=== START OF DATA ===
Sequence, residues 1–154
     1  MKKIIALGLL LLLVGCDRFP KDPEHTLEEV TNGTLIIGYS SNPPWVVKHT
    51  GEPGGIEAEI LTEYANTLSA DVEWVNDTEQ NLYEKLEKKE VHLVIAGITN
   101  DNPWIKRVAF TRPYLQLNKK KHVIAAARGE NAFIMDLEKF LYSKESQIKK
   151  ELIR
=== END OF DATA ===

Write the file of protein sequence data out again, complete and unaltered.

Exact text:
Sequence, residues 1–154
     1  MKKIIALGLL LLLVGCDRFP KDPEHTLEEV TNGTLIIGYS SNPPWVVKHT
    51  GEPGGIEAEI LTEYANTLSA DVEWVNDTEQ NLYEKLEKKE VHLVIAGITN
   101  DNPWIKRVAF TRPYLQLNKK KHVIAAARGE NAFIMDLEKF LYSKESQIKK
   151  ELIR